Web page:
First and foremost, I love cases that are only a few pages. Easier to read and more fun to discuss. In this case, Carter Racing was faced with a decision to race or not to race. The dilemma is that their engine has been breaking at 29% rate. We believe that the engine failure is correlated to the temperature and we have a scatterplot to help visualize this.
Still, we have other pressing matters concerning our financial position. If we do not race, we lose out $85,000. If we decide to race, based on our record, we have a 50% chance of placing “in the money” and gaining a lucrative $2 million sponsorship. If we race and don’t win, there are two outcomes: just losing & engine ...view middle of the document...
The design has allowed greater power while maintaining good fuel consumption. The alloy used is a high-strength aircraft alloy and while not as temperature sensitive as the engine block, it should be able to handle the different expansion rates.
The race is about to begin. Our team is excited in winning this race. We have a lot riding on this including prize money, sponsorships, and number one status. When asked about the gasket problem, my team says we are ready to go.
Ten minutes before race time, I asked the temperatures for the races we had no engine problems. Looking at the data, we have had no engine problems at a range of 65-85 degrees. Most of our successful races occurred at higher temperatures, but also we have experienced engine failures in higher temperatures.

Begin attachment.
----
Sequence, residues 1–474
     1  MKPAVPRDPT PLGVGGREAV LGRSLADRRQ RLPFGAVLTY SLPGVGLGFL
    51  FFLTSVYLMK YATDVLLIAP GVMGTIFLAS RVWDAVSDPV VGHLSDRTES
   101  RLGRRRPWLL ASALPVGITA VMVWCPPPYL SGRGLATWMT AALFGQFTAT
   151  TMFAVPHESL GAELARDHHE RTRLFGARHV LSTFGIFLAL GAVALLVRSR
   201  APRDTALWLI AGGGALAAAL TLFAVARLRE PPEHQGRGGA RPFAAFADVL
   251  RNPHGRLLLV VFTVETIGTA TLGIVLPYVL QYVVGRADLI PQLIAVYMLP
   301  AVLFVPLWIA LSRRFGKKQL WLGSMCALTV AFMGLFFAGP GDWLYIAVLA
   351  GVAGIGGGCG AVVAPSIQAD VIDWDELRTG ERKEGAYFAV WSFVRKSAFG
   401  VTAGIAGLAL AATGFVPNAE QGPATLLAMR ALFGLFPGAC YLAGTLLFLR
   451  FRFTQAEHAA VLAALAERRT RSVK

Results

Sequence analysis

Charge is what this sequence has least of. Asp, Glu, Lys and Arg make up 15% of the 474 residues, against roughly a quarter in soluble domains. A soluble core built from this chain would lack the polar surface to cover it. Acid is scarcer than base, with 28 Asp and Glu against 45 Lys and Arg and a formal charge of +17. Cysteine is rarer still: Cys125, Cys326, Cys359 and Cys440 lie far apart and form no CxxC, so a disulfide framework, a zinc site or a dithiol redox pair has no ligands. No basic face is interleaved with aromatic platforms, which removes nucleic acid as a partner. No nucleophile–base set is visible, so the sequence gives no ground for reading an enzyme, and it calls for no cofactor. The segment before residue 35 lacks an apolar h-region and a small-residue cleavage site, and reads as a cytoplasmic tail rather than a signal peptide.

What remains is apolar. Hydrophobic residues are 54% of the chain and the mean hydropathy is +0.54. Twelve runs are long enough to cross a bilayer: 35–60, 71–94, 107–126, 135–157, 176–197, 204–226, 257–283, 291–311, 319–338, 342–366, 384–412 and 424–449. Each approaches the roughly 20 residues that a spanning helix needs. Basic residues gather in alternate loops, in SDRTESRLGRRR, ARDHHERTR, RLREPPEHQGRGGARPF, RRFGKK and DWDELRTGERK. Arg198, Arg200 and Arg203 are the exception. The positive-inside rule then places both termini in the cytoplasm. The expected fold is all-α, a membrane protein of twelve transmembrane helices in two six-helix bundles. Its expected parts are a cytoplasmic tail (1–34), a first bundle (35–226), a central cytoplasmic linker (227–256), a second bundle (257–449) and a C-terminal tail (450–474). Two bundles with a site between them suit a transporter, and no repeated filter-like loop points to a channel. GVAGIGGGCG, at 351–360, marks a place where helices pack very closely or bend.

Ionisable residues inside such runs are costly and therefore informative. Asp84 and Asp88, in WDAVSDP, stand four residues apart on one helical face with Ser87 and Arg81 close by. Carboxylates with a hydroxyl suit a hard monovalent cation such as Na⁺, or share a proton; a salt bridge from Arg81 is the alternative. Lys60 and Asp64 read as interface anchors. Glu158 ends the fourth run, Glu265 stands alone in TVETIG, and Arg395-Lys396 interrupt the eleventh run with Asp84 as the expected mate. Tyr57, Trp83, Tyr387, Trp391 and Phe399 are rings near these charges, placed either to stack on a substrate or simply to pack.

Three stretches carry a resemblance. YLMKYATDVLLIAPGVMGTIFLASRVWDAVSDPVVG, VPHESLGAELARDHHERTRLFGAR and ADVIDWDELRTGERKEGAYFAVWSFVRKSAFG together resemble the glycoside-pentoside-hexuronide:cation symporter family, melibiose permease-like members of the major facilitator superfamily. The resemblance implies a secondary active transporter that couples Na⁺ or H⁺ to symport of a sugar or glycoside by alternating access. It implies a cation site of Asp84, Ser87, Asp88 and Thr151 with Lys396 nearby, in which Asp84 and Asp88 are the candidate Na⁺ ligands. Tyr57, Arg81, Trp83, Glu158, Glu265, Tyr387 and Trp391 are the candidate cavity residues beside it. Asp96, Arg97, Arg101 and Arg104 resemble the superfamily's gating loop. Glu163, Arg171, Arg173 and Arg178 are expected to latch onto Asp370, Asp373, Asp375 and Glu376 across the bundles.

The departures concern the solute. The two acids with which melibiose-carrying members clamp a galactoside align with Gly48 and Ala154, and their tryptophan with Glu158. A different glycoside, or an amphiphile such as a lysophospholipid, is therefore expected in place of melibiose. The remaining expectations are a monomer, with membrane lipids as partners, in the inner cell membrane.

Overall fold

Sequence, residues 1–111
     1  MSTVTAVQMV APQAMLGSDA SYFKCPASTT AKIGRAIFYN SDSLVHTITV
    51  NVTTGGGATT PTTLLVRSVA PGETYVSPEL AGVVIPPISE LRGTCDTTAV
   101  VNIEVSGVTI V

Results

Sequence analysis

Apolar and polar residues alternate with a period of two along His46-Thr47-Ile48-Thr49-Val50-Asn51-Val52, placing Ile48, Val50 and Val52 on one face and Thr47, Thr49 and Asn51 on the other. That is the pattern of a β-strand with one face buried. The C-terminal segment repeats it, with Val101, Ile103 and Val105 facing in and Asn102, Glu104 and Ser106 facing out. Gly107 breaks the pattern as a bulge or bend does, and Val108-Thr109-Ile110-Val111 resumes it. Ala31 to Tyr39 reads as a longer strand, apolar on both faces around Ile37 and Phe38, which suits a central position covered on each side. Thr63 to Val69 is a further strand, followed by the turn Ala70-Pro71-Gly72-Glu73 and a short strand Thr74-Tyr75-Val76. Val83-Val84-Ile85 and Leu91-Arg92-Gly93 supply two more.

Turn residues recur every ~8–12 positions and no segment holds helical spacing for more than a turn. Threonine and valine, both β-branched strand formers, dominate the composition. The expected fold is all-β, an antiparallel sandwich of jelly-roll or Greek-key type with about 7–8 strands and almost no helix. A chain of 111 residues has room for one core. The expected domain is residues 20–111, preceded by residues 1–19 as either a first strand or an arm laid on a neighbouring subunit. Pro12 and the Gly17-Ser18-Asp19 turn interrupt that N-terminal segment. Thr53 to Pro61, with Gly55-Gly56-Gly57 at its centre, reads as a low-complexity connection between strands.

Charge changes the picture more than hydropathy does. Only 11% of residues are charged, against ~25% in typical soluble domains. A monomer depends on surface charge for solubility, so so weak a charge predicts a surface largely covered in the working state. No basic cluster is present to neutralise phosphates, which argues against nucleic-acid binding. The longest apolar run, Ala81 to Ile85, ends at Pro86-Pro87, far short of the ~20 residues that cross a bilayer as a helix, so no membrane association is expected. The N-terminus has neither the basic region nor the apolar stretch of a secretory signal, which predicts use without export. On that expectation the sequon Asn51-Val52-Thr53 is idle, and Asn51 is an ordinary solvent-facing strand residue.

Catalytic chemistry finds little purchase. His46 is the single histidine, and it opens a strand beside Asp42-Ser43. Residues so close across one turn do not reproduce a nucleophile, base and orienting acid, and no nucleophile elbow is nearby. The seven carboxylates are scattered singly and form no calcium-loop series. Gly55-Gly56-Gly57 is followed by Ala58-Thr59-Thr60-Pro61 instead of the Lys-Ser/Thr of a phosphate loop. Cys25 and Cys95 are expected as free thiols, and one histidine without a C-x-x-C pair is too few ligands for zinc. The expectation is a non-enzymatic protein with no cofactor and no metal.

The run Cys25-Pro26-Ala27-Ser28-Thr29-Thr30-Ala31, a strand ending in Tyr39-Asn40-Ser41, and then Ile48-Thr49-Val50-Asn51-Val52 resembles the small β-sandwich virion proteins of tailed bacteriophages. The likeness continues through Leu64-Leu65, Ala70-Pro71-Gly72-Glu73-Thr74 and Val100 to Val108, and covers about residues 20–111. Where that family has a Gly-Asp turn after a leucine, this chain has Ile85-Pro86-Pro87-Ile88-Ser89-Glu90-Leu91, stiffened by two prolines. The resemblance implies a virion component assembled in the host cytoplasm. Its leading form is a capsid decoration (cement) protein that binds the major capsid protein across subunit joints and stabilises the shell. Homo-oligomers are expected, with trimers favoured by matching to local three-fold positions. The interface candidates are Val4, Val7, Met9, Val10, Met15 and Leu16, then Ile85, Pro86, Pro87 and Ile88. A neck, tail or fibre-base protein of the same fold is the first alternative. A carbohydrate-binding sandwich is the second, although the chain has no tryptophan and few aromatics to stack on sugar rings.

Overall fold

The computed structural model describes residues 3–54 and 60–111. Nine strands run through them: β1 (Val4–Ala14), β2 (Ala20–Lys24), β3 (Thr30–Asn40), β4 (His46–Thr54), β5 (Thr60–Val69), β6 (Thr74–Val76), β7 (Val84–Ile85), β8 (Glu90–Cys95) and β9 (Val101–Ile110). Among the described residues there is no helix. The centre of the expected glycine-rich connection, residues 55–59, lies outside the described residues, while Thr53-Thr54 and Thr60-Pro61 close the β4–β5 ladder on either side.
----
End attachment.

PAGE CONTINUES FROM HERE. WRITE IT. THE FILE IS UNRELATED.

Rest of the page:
Two minutes before race time. Is it time to pull the race in light of this data? Or am I not able to draw anything conclusive from the evidence? Finally, this race is the final race of the season and our last chance to finish on top, with a sponsor, and even set up for a better position the next season.
What to do?
Decision Time and the Result
I want to race. No one ever won a race while in the pits. No guts. No glory.
The data I have collected is vague. The correlation to temperature and engine performance is strong, but does this mean racing at 40 degrees is relatable to our collected data? The advice from the mechanic is based on opinion. Also, our chances of winning are too tempting. With this money we can invest in resolving all our engine problems plus even expand our presence in the racing circuit. If we don’t race, we lose out any way.
Still, these engine problems are still bothering me.
The race starts and we get off to a good start. During the race, we’ve built a good lead… then the engine blows out.
On January 28, 1986 the Space Shuttle Challenger faced a similar dilemma. Ultimately, the decision to launch cost the lives to seven astronauts, including one American teacher who perished in front of her class as they watched the launch in Florida.
This has lead to restructuring of ethical engineering decision making. The investigation followed shortly after the tragedy revealed that NASA did indeed have the facts to have addressed this complication. There were those who voiced out reason and skepticism, but sadly they were not the decision makers.
One can argue that if we did not have these overseeing decision makers America would not have been able to reach space at all, stemming all the way from the 1960s. They had a track record of success: entering space and placing a man on the moon. Who was to say they are wrong? How do you challenge that? Those skeptical engineers can even convince themselves that this is just a minor problem or one that is unlikely to occur. This is what ran through everyone’s mind.
Taken into context, you can argue that the circumstances are different. But I counter that the...